|Japanese Americans working in a US government operated Butcher shop at the Manzanar Relocation Center in California, 1943, Courtesy of the Library of Congress|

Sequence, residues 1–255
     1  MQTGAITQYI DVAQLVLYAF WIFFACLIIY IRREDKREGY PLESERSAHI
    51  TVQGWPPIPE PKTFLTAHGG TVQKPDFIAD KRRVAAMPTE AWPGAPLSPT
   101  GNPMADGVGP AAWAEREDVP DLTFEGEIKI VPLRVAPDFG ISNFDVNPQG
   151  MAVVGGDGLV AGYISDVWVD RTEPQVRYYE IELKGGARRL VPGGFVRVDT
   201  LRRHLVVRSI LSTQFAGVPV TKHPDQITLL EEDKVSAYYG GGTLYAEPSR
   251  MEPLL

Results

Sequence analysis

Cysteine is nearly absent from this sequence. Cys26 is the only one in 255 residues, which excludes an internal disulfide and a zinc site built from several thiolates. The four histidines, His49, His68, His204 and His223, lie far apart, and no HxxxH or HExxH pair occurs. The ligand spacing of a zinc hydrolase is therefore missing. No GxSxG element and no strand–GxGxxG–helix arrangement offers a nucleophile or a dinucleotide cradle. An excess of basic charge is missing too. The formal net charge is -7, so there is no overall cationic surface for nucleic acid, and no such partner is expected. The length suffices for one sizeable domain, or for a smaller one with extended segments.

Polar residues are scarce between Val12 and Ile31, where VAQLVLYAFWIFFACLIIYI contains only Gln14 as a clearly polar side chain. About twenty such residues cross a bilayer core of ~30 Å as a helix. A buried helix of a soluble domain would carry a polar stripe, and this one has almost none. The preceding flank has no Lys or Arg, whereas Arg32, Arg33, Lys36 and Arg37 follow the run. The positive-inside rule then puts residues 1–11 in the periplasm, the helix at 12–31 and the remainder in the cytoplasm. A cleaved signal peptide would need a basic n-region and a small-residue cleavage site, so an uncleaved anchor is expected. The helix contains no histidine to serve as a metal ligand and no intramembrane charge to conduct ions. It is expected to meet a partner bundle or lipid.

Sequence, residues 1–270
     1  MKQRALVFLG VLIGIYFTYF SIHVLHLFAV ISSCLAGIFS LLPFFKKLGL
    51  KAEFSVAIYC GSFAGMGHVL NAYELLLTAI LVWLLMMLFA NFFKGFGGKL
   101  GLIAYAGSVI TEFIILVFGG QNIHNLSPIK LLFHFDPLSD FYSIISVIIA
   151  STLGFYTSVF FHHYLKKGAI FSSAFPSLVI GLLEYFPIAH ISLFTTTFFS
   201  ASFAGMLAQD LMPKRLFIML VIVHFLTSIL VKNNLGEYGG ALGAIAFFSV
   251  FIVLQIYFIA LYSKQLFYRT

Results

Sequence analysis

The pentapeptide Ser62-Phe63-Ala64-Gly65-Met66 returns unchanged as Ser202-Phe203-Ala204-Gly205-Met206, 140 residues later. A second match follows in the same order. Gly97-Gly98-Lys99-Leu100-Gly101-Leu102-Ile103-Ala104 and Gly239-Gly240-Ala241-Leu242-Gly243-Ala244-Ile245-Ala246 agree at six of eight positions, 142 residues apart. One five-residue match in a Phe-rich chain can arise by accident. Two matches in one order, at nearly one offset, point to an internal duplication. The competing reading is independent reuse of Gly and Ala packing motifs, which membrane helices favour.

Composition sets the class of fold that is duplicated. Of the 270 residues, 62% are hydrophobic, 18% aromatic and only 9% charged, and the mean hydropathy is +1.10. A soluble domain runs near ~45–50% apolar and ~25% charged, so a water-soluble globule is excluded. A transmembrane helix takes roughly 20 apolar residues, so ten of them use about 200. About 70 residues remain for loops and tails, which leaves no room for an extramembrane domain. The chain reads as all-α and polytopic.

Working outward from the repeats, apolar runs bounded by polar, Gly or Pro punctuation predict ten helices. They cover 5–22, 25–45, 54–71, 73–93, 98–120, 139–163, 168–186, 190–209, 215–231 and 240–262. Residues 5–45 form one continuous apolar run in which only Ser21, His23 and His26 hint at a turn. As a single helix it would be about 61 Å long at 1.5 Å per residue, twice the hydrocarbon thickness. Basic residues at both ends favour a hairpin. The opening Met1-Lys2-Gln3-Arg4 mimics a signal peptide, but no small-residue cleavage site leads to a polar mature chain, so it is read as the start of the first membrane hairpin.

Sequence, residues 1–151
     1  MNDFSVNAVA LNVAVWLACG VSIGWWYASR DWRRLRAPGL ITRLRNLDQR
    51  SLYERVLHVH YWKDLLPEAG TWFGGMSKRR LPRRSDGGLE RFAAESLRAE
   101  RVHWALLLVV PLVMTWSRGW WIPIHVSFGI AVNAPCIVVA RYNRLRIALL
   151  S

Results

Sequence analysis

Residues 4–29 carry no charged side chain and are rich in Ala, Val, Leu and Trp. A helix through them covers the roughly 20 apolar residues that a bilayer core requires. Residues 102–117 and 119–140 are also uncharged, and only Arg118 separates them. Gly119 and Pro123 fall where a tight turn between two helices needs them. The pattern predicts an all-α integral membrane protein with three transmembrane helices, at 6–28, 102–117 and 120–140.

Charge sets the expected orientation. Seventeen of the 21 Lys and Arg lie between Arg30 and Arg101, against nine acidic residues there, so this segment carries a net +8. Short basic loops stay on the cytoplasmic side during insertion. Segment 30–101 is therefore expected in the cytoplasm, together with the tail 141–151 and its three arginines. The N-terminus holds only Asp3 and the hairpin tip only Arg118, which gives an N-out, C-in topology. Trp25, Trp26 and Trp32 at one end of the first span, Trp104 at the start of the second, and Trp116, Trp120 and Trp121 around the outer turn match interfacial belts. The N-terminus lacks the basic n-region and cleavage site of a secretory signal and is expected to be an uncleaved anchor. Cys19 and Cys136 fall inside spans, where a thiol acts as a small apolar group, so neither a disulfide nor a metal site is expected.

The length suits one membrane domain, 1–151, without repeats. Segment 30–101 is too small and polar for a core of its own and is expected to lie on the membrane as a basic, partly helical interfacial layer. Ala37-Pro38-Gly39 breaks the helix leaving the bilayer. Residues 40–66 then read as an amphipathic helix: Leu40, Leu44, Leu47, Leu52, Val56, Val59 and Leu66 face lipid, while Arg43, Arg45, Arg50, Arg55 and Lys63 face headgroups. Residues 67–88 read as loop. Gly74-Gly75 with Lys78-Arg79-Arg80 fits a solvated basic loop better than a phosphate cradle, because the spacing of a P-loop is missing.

Traditionally, North Americans barbecue meats on Memorial Day, a day in which we remember those who gave their lives on the battlefield for the country. What about during wartime, when government officials establish rations and meat prices soar making a barbecue an expensive way to celebrate the holiday? In 1942 Alice B. Winn-Smith published Thrifty Cooking For Wartime. She suggested to barbecue pit masters that they use “the less expensive cuts of meat” such as organ meats and perhaps brisket and ribs which had been less important in providing meat to the soldiers fighting overseas. “Remember much of the meat is needed by ‘our boys,’ and the use of some these meats cuts that are less important for supplying the armed forces, definitely helps in the conservation program,” said Winn-Smith.
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